By Kerry Hannon
23 October 2019
WASHINGTON — Her somber gaze is direct, and in her lap, she firmly holds a book.
The circa 1855 daguerreotype portrait of Lucy Stone, the suffragist and abolitionist, is powerful in its simplicity. Not surprisingly, Ms. Stone’s mission was incited by the inequality in a society that discouraged women from becoming educated.
The image is part of “Women of Progress: Early Camera Portraits,” an exhibition at the National Portrait Gallery, one of several major exhibitions in the nation’s capital that celebrate women — from the battle for voting rights, spurred by the 100th anniversary of the 19th Amendment, to artworks by feminist icons who embody the challenging issues of their epochs.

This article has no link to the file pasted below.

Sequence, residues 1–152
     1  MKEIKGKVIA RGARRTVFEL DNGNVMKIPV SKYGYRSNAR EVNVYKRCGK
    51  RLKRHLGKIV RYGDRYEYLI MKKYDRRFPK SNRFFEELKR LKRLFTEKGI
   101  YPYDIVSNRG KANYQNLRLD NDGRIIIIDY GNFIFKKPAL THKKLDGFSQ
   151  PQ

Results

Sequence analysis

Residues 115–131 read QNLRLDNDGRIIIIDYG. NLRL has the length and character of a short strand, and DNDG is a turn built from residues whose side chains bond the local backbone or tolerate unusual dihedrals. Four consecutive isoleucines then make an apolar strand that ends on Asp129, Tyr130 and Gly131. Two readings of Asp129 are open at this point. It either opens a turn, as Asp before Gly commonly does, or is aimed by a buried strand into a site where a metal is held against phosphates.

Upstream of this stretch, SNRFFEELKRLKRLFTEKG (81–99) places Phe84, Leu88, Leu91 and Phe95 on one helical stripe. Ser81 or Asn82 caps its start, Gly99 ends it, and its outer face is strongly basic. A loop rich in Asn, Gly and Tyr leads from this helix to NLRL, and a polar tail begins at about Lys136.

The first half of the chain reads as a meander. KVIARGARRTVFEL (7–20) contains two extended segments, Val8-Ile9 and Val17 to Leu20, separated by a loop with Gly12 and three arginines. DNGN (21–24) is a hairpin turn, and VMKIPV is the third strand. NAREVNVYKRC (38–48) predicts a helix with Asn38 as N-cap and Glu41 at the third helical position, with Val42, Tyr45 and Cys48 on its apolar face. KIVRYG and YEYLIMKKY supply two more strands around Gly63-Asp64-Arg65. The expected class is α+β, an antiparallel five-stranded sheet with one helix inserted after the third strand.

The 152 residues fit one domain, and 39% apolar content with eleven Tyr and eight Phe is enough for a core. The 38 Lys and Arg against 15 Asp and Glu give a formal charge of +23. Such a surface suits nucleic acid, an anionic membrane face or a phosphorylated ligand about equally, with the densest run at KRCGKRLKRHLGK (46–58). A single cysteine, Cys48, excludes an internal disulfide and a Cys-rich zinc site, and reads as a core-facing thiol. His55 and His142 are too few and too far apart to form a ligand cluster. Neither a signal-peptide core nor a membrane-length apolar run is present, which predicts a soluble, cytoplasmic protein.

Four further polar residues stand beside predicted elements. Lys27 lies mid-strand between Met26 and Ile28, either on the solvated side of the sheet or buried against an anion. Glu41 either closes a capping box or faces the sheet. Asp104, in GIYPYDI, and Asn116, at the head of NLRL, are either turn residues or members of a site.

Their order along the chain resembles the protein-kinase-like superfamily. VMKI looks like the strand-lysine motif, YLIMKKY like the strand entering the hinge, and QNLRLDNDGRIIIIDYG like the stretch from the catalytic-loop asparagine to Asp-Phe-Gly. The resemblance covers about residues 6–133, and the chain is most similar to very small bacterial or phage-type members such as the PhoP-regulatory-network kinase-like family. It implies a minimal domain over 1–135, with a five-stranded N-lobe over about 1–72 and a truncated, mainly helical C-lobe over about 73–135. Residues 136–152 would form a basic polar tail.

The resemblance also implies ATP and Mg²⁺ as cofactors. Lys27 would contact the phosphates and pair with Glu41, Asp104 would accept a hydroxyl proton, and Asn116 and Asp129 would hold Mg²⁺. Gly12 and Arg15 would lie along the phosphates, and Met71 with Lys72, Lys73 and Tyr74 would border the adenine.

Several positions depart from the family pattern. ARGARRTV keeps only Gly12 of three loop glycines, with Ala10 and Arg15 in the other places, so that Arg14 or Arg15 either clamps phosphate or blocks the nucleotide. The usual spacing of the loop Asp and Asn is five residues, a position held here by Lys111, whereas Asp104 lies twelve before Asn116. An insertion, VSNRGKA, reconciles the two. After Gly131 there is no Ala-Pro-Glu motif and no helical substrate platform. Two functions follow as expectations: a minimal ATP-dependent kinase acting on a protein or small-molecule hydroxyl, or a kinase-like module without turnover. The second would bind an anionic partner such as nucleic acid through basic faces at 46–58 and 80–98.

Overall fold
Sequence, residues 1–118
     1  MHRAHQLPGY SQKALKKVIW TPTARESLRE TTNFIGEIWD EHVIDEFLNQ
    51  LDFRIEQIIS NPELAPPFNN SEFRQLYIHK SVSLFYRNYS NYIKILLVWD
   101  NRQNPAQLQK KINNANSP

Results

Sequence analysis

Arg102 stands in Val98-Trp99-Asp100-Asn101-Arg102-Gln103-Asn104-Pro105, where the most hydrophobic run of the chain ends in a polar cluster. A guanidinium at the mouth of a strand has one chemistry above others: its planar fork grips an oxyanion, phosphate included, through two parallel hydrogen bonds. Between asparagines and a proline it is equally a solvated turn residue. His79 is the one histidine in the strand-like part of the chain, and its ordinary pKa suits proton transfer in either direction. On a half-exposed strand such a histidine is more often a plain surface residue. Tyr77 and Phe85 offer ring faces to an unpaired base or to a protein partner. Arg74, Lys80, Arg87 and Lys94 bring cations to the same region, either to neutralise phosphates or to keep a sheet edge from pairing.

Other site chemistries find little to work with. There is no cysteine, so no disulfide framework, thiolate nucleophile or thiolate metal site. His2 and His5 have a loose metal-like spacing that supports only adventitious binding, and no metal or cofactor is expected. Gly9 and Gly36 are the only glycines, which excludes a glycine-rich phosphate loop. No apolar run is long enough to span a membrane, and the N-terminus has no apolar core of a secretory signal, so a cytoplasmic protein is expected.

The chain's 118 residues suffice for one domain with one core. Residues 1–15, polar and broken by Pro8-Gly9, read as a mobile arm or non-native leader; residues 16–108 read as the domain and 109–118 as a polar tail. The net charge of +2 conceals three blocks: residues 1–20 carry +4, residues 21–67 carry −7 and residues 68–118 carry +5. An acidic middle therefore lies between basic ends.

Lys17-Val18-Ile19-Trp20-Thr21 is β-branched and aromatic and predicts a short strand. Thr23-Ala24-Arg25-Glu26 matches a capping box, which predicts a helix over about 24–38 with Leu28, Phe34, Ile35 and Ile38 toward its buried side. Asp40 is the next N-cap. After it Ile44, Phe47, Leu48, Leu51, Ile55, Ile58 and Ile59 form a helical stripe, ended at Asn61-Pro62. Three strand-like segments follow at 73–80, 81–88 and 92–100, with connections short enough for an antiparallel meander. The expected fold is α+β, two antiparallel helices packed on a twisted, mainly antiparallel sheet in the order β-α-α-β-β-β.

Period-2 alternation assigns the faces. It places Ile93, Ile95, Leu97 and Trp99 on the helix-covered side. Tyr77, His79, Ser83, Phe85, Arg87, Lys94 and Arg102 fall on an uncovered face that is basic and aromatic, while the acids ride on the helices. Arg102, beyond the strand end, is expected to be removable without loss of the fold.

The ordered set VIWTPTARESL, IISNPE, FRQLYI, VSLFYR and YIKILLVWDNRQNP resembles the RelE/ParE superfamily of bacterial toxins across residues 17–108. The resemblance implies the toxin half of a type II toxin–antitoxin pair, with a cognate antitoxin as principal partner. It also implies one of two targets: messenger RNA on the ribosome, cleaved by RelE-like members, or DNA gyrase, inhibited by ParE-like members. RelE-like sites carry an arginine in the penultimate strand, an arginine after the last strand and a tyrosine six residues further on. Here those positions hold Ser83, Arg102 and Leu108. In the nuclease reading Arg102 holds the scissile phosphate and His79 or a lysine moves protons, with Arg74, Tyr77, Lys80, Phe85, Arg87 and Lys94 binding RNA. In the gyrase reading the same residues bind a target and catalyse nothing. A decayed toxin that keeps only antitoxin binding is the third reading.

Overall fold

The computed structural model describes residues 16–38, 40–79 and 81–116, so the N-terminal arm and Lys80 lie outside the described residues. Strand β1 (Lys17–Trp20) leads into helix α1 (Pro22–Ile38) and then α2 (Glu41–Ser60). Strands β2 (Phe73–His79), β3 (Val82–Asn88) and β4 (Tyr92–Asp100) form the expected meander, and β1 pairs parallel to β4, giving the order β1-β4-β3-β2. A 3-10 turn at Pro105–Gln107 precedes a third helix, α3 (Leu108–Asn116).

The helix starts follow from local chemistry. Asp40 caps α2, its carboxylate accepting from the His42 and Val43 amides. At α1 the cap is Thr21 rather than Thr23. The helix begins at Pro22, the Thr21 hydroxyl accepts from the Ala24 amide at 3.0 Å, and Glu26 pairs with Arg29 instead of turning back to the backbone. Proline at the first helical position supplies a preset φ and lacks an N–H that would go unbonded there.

“Considering the longstanding imbalance in museum prerogatives, a convergence of exhibitions addressing women — as artists, as activists, as historical figures — is notable,” said Susan Fisher Sterling, the director of the National Museum of Women in the Arts.
Read the full article in The New York Times.